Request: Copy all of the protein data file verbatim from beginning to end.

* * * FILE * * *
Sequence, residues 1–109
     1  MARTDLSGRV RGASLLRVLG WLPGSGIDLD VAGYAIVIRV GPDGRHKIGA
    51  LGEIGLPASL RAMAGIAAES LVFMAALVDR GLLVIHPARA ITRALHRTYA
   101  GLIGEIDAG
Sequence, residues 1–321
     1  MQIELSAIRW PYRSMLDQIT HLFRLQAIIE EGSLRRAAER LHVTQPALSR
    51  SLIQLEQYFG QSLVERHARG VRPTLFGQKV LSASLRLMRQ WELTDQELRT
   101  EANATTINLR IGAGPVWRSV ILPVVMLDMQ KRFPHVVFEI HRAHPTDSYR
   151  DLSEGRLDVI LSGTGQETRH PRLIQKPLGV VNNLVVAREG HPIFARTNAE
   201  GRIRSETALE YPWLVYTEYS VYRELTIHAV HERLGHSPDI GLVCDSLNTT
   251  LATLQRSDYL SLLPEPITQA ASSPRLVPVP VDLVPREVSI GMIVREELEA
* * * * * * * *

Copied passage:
Sequence, residues 1–109
     1  MARTDLSGRV RGASLLRVLG WLPGSGIDLD VAGYAIVIRV GPDGRHKIGA
    51  LGEIGLPASL RAMAGIAAES LVFMAALVDR GLLVIHPARA ITRALHRTYA
   101  GLIGEIDAG
Sequence, residues 1–321
     1  MQIELSAIRW PYRSMLDQIT HLFRLQAIIE EGSLRRAAER LHVTQPALSR
    51  SLIQLEQYFG QSLVERHARG VRPTLFGQKV LSASLRLMRQ WELTDQELRT
   101  EANATTINLR IGAGPVWRSV ILPVVMLDMQ KRFPHVVFEI HRAHPTDSYR
   151  DLSEGRLDVI LSGTGQETRH PRLIQKPLGV VNNLVVAREG HPIFARTNAE
   201  GRIRSETALE YPWLVYTEYS VYRELTIHAV HERLGHSPDI GLVCDSLNTT
   251  LATLQRSDYL SLLPEPITQA ASSPRLVPVP VDLVPREVSI GMIVREELEA